Indications of habitat use patterns among small cetaceans in the central North Pacific based on fisheries observer data

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Richard C. Ferrero
Roderick C. Hobbs
Glenn R. VanBlaricom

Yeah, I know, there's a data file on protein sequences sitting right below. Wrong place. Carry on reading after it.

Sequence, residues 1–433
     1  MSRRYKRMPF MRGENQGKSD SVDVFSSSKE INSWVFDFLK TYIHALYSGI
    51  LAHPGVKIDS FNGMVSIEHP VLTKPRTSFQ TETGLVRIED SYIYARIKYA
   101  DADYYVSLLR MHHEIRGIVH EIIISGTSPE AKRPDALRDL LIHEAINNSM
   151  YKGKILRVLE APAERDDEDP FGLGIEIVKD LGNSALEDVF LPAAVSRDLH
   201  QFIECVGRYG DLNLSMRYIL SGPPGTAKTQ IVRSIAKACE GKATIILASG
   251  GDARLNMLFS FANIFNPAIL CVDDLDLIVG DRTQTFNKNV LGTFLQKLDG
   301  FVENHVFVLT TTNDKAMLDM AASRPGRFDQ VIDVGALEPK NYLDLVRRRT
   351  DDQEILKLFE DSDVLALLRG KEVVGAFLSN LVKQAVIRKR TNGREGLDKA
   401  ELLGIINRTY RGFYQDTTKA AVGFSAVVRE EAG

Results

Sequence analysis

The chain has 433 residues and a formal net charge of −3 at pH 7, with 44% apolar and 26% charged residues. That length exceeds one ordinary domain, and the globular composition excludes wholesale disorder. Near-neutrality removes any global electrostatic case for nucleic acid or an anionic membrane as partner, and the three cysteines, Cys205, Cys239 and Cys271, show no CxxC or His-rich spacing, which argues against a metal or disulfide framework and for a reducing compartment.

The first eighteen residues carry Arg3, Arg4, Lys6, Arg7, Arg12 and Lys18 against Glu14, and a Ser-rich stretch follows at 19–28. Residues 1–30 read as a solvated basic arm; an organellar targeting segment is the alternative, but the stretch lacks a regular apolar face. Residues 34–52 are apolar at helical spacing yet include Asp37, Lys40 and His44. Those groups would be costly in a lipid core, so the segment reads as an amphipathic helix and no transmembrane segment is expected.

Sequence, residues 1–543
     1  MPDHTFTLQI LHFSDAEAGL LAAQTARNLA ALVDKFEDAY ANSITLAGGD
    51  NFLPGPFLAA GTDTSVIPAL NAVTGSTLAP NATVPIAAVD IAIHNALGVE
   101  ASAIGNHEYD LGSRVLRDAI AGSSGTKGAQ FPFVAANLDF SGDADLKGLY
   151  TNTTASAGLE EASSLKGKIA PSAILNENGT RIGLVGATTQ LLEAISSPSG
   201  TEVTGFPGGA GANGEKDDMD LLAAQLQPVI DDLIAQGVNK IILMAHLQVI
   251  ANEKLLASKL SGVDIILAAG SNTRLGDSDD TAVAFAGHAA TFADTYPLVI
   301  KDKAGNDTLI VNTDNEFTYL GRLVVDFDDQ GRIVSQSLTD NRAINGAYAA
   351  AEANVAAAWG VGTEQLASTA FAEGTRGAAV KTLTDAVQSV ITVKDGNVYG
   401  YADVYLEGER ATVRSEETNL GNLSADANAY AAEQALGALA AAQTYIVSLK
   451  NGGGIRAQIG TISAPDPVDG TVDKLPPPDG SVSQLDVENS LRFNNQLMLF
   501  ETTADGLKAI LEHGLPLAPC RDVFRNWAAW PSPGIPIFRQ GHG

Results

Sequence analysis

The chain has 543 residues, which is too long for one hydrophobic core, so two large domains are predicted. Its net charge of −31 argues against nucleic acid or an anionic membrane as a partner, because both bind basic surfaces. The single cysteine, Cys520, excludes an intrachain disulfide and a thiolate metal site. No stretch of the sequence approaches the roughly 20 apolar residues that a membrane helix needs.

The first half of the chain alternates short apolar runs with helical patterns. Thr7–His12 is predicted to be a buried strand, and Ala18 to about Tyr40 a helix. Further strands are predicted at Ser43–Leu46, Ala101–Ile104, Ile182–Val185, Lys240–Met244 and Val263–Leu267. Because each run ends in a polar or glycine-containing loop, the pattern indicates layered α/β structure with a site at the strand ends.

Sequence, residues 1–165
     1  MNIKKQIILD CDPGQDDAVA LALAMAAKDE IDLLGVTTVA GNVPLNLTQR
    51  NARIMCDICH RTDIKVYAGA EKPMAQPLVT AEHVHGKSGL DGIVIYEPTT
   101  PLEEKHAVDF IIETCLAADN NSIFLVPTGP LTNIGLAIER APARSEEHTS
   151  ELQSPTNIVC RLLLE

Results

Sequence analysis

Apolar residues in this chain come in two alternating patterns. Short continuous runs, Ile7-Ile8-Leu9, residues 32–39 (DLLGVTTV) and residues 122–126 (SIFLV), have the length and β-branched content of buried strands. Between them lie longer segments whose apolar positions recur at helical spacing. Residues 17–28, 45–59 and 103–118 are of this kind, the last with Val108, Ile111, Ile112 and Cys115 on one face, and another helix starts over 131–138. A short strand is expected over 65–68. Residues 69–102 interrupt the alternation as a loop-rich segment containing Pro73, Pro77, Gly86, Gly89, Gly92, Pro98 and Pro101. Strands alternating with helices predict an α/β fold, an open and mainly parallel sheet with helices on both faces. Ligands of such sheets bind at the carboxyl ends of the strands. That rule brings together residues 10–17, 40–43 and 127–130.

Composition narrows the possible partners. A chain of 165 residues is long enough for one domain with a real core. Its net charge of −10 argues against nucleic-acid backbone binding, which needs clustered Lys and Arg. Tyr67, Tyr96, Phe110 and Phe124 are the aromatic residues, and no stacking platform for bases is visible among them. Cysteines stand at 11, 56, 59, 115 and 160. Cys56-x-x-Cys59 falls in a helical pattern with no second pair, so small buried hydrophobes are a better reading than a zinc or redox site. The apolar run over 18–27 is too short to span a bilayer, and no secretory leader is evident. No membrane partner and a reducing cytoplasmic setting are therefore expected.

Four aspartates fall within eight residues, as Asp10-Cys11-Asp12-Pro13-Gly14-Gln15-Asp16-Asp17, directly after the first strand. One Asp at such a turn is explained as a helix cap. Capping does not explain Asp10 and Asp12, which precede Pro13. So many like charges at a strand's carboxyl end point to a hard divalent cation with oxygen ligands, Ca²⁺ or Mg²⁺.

Biological specimens and environmental data collected by observers monitoring Japanese squid driftnet fishing operations during the summers of 1990 and 1991 in the central North Pacific (37°N-46°N, and 170°E-150°W) were used to explore habitat use patterns among three small cetacean species common to that area: the Dall’s porpoise (Phocoenoides dalli), Pacific white-sided dolphin (Lagenorhynchus obliquidens) and northern right whale dolphin (Lissodelphis borealis). Sex and maturity status were determined for 805 northern right whale dolphins, 421 Pacific white-sided dolphins and 206 Dall’s porpoises incidentally taken in 800 observed gillnet sets, allowing sub-taxon comparisons of habitat use patterns. Habitat variables were based on observer records of sea surface temperature (SST), wind velocity and direction, and swell height. Current velocity and direction and SST gradients were also derived. Canonical Correspondence Analysis (CCA) was used to relate the species categories to the habitat conditions recorded for the gillnet operations in which entanglements occurred. The samples collected from the southern, middle and northern latitudes within the overall study area were examined separately to account for northward movement of the fishing fleets across the summer months. SST was the most dominant and consistent feature; northern right whale dolphins occupied the warmest waters, Dall’s porpoises the coldest; Pacific white-sided dolphins were found in-between, but more similar to the latter. Wind velocity and swell height also reflected potentially important habitat features. Young-of-the-year northern right whale dolphin showed a preference for the warmest waters observed in the middle latitude band, coincident with that species summer calving mode.

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